I think I need a much better Conan-vocabulary.
Howard’s writing vocabulary was much, much different than mine. (My writing and working vocabulary far more naturally resembles Tolkien’s than Howard’s.) Of course I do not want to write my Conan story exactly as Howard would. Howard had a very unusual and heavily-imagined (the kind you almost never hear used in real life) and even stilted vocabulary, which makes his books fun to read (in one sense) but also extremely pulpish and juvenile and self-limiting (in another sense).
I want to maintain the overall uniqueness of Howard’s vocabulary and phrasing without directly imitating him and without the self-limited nature of his construction and terminology.
What I actually want to do is to produce a Conan story that is obviously by me, yet similar enough to Howard’s Conan to be instantly recognizable and enjoyable and fun to read. So whereas I don’t want to directly imitate Howard’s language, I do want to pay homage to it. The same with the way I write Conan himself. There is much to admire about Howard’s Conan but much I would also change or discard or at the very least alter and modify. Sometimes even radically so.
So I am setting out to intentionally do those very things with this story. I think of it in this way, I am writing a Conan Story which one might consider as written by an entirely different chronicler (me) and which stresses certain aspects of Conan’s character and personality but pays little attention to other aspects of his personality. Or even intentionally ignores certain traits.
Still, I think that I need a much better “Conan-vocabulary” to pay homage to the character in the way I wish. I have recently been reading Robert Jordan’s Conan books and his interpretation of the character and find it superb, both in the way he mimics Howard’s vocabulary without becoming stifled and artificial, and as far as his overall interpretation of the character. Which I actually prefer to Howard’s Conan in many respects.
On the other hand I think my story’s plot is actually far superior to most of Howard’s story-plots and may even be superior to much of Jordan’s plottings. So, we’ll see how that goes.
Below are some fragments of the story I have been producing so far. Since I am writing this in the month of October I am not only making this a Conan adventure story, I am also making it a true horror story as well.
This shall be the introductory quote to my Conan short story of The Vengeance of Tôl Karuţha:
“Of all the truly dangerous things in the world the least dangerous is this – a reckless and unwary man. The most dangerous is a crafty and cunning woman.”
Engraven upon the Guile-Stone of Khawarish
* * *
Her dark mouth became a bloody and open wound. A demonic and fearsome gash of portentous witchcraft which no human face should have been able to contain.
Conan stepped back in caution and concern, slowly unsheathing his sword in wonder at the sight, but in his heart he yearned not to comprehend how but only to strike. He was already well past any further desire to endure these continued onslaughts of strange sorcery and weird warlockery. Yet although this woman still fascinated him and some part of him deeply pitied her he was also frightened of her as he had never before feared any sorceress or witch. She was simply too unpredictable and too uncanny not to fear.
Something unnatural, disturbing, and horrific hovered around her as if some unnamed, ancient, and uncontrollable god, long vanished, broiled within her.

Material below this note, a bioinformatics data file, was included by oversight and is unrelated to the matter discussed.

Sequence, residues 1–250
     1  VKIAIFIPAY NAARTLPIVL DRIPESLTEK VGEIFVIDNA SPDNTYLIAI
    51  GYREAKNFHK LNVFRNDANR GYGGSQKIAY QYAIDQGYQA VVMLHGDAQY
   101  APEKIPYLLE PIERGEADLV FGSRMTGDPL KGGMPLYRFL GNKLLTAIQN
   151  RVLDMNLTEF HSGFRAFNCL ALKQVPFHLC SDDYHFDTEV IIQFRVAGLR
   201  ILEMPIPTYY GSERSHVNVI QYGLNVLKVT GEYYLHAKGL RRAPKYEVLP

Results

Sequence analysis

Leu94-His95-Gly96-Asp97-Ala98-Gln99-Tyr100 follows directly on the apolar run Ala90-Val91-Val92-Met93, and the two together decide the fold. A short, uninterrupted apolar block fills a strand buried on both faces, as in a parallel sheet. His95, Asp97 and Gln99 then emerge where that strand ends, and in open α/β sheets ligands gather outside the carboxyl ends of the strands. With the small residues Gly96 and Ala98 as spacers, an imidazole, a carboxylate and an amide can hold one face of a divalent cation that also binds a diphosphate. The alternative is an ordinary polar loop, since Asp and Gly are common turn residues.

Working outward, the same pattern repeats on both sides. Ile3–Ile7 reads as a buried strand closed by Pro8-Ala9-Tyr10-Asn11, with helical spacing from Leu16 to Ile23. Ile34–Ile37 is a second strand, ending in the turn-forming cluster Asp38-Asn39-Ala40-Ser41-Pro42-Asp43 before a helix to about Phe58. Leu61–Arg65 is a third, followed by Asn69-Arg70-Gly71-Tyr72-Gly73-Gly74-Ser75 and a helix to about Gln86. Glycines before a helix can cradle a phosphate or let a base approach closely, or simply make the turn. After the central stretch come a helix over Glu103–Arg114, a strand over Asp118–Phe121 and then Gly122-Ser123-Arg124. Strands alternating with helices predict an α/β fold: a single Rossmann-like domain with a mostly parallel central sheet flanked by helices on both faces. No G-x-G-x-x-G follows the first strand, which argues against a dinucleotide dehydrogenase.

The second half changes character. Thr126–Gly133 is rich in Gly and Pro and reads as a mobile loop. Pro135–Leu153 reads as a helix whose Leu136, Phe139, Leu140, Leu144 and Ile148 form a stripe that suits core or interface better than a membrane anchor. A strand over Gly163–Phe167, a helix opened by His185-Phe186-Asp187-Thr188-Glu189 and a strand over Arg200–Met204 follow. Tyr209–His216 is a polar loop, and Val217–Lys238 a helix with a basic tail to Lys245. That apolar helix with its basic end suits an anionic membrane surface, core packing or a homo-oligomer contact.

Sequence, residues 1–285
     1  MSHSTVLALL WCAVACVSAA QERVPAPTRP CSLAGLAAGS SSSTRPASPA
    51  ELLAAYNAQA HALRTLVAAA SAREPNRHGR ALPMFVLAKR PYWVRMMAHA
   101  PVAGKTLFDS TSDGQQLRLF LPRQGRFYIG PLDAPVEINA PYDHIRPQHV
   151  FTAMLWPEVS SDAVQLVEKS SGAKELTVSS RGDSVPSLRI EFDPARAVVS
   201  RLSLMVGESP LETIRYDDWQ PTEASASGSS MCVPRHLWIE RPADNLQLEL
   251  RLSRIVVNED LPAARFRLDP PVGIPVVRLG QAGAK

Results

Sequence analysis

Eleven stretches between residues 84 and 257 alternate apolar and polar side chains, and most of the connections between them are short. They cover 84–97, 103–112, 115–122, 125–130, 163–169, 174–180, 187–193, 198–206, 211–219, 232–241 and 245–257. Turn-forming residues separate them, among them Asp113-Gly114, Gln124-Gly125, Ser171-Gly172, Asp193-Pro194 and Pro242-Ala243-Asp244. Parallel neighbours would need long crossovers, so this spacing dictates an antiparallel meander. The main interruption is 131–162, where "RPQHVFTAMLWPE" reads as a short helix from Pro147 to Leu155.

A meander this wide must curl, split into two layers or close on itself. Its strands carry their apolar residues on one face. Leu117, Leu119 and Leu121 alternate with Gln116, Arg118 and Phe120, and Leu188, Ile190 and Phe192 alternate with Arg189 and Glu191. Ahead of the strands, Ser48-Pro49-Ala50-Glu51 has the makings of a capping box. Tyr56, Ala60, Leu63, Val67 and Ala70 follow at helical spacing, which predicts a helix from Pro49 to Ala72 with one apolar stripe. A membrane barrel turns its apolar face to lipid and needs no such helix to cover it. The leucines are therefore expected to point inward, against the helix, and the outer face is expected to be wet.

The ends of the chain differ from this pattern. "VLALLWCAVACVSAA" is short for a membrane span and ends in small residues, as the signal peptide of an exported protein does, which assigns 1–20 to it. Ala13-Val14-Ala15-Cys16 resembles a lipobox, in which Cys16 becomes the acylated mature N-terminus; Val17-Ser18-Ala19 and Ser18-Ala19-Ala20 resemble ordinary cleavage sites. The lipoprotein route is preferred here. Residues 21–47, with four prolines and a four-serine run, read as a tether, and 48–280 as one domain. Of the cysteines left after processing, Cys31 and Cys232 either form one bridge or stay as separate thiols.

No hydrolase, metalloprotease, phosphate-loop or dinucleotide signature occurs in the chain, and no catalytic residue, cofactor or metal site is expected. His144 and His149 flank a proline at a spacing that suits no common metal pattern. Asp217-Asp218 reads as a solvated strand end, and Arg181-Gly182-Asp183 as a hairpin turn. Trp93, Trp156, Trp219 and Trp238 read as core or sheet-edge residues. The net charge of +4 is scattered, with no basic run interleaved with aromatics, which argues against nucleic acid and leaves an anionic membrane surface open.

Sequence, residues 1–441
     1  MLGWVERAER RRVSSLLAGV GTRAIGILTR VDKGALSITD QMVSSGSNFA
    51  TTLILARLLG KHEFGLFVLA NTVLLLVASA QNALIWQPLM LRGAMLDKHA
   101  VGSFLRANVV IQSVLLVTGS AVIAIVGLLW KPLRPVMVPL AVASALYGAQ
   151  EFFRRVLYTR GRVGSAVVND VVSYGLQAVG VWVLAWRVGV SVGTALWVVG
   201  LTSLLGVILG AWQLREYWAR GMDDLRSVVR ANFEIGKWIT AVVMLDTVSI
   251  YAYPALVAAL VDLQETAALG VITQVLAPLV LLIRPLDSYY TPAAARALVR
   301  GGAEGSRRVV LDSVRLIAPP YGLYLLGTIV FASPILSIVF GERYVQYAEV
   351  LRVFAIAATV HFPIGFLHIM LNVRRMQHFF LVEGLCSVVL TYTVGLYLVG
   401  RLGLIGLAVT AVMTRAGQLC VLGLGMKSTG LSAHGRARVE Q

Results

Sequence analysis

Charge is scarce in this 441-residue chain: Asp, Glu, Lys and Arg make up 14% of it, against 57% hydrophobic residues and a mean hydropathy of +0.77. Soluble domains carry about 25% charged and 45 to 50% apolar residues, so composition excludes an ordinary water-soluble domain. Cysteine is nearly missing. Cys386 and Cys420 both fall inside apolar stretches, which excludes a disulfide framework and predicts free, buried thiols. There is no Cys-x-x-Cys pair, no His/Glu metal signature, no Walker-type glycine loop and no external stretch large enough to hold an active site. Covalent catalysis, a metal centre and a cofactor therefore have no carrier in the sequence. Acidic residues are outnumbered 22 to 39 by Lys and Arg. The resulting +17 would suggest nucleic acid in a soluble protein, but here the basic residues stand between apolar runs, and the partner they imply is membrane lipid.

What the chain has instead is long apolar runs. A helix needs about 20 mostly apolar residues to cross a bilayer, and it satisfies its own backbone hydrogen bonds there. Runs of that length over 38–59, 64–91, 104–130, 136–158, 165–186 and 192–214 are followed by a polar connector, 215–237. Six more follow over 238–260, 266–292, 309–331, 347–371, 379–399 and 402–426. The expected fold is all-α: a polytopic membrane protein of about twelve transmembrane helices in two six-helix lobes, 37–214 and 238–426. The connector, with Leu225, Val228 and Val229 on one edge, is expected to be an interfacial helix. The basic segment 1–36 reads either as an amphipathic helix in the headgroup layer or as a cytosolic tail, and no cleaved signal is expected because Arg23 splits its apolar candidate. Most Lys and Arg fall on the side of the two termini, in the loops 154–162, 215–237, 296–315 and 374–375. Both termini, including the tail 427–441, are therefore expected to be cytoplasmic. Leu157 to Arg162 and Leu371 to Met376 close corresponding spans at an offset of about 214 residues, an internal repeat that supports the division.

Suddenly Conan felt cold to his very marrow and he knew immediately that this was no act of nature – not of this world and not of his own. He struggled to breathe, his great chest heaving as if on fire but sluggish as if being slowly frozen by death. His throat slaved to remain open and his escaping breath snaked outwards and coiled like a glittering and ghostly Stygian serpent. Then, with a tremendous crush of agony, he felt the the bone in his lower left leg break apart and he fell like an unbending oak that had been shattered by the unforeseen summer lightning of a still distant but savage storm.
* * *
From the man’s appearance he seemed dangerous. Conan was certain of his own prowess but he had long ago learned to never underestimate any other man. Even women, or at least certain women, could be mortally dangerous for they could be crafty, cold-blooded, and quick. Conan therefore had become doubly suspicious for he now faced both man and woman, and both seemed warily guarded and preternaturally unknown.
“Who are you?” Conan asked in the Shemitic language for that was the speech in which he had just been addressed. He knew little of it, but could still carry on a basic conversation in the harsh tones of the tongue.
“I am Tôl Karuţha,” replied the man confidently, but Conan was instantly doubtful for he had heard some of the lore surrounding the name. Back when he had traveled the far reaches of the East. ”And this black wench is Jerabela, of the Kengan tribe of the Kushites. She is my slave and consort.”
Conan did not fully understand every word that had been said, though he understood slave well enough, having once been one. However he did quickly and unmistakably notice that the woman’s eyes had subtly narrowed with both anger and disdain at the way in which the tall and powerful man had named and described her, though she controlled herself with admirable reserve.
Conan studied her as carefully as he could in such a short space of time. She was tall, athletic, lithe, and for a woman powerfully built. Far more powerfully built than most women Conan had ever encountered, save a very few, such as the Pirate Queen. Despite the tan man’s claim she was not possessed of the bearing and comportment of slave, but rather her demeanor was proud and her stance fully erect and alert.